I've actually been haphazardly working on an overly ambitious Planescape sandbox for a while now. Still just a huge mess of notes at the moment, but it's very slowly taking shape.

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    1. I was wondering if people were still gaming the setting. Drop a line when you get it up and running.

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  3. I'm just commenting because I switched to Firefox and now I can actually see this post!

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    1. Oh, and I started to play PS:T on the computer five or six years ago, but I never finished the game. I agree it was pretty cool, though.

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    2. If you ever get a chance - it's worth finishing (I remember some really frustrating parts to it along the way). It was programmed with multiple endings, but they were all pretty serious but well done.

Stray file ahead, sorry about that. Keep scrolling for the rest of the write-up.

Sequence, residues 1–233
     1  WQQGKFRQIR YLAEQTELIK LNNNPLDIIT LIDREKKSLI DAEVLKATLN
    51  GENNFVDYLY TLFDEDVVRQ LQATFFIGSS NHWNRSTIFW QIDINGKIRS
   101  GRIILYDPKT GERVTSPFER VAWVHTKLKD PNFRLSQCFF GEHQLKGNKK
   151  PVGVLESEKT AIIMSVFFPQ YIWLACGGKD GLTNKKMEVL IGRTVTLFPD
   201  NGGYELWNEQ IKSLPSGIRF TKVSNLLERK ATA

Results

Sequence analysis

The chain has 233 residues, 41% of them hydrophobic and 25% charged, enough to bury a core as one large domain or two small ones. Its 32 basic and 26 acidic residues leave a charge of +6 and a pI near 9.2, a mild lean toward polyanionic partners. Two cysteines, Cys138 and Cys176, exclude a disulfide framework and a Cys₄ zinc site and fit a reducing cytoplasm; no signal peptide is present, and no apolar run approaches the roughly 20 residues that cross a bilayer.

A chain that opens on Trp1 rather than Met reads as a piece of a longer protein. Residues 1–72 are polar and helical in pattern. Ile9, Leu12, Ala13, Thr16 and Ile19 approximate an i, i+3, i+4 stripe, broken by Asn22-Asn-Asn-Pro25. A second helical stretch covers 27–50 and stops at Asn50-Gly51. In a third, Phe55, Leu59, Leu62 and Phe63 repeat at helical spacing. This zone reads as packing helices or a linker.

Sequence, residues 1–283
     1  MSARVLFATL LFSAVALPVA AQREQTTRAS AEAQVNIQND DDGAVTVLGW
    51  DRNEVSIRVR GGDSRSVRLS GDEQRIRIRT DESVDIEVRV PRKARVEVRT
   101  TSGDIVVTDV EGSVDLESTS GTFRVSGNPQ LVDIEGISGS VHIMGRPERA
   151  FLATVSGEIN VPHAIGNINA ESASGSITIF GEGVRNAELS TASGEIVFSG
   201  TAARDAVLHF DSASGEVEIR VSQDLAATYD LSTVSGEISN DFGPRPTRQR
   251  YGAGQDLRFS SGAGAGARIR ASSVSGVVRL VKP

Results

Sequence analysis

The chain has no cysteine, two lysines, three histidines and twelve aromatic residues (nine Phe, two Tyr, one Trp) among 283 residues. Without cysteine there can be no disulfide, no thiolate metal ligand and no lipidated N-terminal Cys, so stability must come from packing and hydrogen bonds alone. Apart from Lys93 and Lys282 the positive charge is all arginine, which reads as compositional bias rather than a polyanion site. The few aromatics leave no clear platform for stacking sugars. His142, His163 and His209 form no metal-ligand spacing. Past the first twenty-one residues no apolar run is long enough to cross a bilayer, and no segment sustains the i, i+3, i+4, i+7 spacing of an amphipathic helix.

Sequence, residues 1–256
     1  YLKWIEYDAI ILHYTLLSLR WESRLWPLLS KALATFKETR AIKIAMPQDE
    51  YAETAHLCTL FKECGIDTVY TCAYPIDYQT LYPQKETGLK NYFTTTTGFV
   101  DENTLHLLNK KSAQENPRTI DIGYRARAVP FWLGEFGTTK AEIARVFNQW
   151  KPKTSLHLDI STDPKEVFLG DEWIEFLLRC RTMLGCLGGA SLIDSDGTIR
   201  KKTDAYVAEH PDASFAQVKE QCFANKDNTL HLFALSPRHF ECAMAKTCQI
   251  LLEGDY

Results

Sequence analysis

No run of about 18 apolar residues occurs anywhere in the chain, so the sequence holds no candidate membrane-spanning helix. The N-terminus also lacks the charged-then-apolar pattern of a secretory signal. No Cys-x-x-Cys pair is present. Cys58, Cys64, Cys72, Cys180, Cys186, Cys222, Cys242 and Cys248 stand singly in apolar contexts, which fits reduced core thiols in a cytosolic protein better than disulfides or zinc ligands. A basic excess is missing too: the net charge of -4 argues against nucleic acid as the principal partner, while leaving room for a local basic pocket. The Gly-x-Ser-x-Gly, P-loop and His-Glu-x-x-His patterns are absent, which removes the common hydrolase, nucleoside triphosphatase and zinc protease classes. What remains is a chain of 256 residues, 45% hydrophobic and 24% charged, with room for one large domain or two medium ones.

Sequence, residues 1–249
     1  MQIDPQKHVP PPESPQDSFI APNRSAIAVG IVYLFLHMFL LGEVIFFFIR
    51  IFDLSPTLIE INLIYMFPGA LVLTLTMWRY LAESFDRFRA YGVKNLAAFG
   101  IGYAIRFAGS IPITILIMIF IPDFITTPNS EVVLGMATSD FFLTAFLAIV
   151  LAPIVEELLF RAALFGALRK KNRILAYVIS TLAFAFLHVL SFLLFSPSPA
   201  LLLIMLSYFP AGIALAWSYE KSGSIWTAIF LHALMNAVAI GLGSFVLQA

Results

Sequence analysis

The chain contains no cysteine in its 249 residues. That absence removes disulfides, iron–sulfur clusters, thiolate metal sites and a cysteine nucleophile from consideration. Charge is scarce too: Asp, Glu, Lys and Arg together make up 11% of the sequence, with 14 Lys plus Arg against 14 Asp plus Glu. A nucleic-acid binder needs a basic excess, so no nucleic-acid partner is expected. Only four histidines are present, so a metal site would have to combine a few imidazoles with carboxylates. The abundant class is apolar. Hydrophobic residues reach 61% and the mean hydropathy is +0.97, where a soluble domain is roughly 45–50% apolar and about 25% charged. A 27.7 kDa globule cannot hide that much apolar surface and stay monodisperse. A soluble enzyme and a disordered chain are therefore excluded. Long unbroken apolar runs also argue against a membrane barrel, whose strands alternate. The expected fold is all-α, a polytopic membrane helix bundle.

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    3. I think I am in the Last Act of the game. I have to admit it's been less interesting to me as you leave Sigil behind for the Outlands, probably reflects my own preference for a wide-open city sandbox--boy was that the bomb in Baldur's Gate when you finally get to access the city--than the planar stuff.

      Come to think of it, one thing that annoys me about the game is the inexplicably gamey reasons for not being to freely travel between locales--plot-locale chokepoints that Bioware seems to love. I assume the reason is to have it unfold in acts, but I no likey it.

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  4. I'm similarly chipping away at Planescape: Torment as I have the time.

    Excellent.

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    1. Also, stuff from Torment has started to crop up in my D&D game, and Sigil gets mentioned both as a place to visit and as a vector to reach other games.

      FLAILSNAILS, ahoy!